EU stance on East Jerusalem reflects negative turn toward Israel
Document recommends that European Union begin to treat eastern part of city as the capital of Palestine.
Peace activists who are closely monitoring the "Judaizing" process in East Jerusalem report that since U.S. Vice President Joe Biden was greeted in Jerusalem last March by the announcement of a new building plan for Ramat Shlomo, there has been a sharp decrease in the building of Jewish residences in the eastern part of the city.
In the meantime, Jerusalem Mayor Nir Barkat confirms, and complains, that Prime Minister Benjamin Netanyahu has been pressuring him to abandon megalomaniacal plans to demolish Arab neighborhoods in East Jerusalem in order to build tourist attractions and shopping malls. Moreover, in negotiations that Netanyahu and his associates have conducted with U.S. officials about the building freeze in the settlements, Netanyahu has abandoned his insistence that no such freeze apply to East Jerusalem.
The far-ranging, sharply worded recommendations in the report drafted by European Union consul generals do not therefore point to a dramatic, negative change in Israel's policy toward Jerusalem. Instead, they reflect a dramatic, negative change in the international community's attitude toward Israel in general, and East Jerusalem in particular.
The European Union report should be viewed in the context of the news that more and more countries are inclined to recognize a Palestinian state along the borders of June 4, 1967. It will be recalled that on this date, the border ran west of Silwan, which we now refer to the City of David, and west of the Western Wall. This is the context in which the report recommends that Europe should begin to treat the eastern part of the city as the capital of Palestine. This is what happens when peace negotiations remain stalled.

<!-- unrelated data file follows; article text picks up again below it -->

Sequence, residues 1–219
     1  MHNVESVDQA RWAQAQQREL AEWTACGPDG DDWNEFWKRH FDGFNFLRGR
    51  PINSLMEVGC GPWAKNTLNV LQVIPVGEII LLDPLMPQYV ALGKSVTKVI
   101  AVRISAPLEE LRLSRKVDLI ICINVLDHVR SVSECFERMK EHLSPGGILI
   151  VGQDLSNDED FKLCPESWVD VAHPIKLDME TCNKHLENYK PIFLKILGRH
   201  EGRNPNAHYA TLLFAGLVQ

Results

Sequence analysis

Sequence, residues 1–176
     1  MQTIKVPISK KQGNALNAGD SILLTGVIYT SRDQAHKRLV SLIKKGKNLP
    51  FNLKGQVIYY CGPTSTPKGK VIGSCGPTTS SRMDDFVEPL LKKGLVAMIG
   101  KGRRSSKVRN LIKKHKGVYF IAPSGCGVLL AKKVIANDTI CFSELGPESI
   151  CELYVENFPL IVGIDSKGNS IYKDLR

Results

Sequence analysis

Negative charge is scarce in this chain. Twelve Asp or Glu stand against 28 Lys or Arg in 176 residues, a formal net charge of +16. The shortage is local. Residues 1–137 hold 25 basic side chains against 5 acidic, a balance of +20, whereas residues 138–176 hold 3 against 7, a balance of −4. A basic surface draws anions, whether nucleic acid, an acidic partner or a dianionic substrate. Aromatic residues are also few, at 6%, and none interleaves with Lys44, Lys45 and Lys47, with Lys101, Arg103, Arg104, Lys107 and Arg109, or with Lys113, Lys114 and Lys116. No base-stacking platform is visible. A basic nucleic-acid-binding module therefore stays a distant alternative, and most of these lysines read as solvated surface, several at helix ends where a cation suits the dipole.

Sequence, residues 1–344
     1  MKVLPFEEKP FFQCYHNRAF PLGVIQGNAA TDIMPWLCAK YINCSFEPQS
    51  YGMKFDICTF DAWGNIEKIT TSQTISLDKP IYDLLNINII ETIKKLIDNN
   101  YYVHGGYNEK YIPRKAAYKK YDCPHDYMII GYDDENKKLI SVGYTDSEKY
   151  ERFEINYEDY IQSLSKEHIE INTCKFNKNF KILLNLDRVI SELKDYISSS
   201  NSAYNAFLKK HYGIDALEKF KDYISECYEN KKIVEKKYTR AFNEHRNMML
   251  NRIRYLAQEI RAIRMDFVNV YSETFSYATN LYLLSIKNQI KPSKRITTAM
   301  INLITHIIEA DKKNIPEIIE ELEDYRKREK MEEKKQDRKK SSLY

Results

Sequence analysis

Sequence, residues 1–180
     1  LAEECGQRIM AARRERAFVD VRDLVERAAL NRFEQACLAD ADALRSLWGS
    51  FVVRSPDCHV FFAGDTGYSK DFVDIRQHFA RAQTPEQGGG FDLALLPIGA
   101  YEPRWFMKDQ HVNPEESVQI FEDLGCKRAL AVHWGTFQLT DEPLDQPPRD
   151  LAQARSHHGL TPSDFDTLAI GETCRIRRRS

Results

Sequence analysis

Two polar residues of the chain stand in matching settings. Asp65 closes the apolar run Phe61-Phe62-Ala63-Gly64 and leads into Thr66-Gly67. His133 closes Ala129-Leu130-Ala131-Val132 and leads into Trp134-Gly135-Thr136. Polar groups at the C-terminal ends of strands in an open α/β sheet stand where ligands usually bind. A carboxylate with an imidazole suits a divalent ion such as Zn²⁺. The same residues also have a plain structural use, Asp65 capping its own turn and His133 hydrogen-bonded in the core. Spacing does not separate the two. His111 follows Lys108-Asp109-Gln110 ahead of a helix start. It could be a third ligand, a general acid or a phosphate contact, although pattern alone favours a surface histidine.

As long as Israel is given the benefit of the doubt regarding its willingness to conduct serious negotiations about the future of the territories and East Jerusalem, then the Europeans, and the rest of the world, are willing to turn a blind eye to disruptions in the status quo of the only capital city in the world that hosts several consulates but not a single embassy.
Whether the European Union will adopt the consuls' practical recommendations such as boycotting products manufactured in Israeli factories in East Jerusalem or drafting blacklists of violent settlers (to preclude their entry to EU states ) remains in doubt. In a negative scenario (from the Netanyahu government's standpoint ), the report will lead to more discussions among European leaders; European countries may release another statement denouncing Israel's construction policies, and home demolition policies, in East Jerusalem.
The consuls' recommendations will have substantive impact only if U.S. President Barack Obama sends a signal to European political leaders that they should make clear to the Israelis what could happen if Uncle Sam loses his patience with them.
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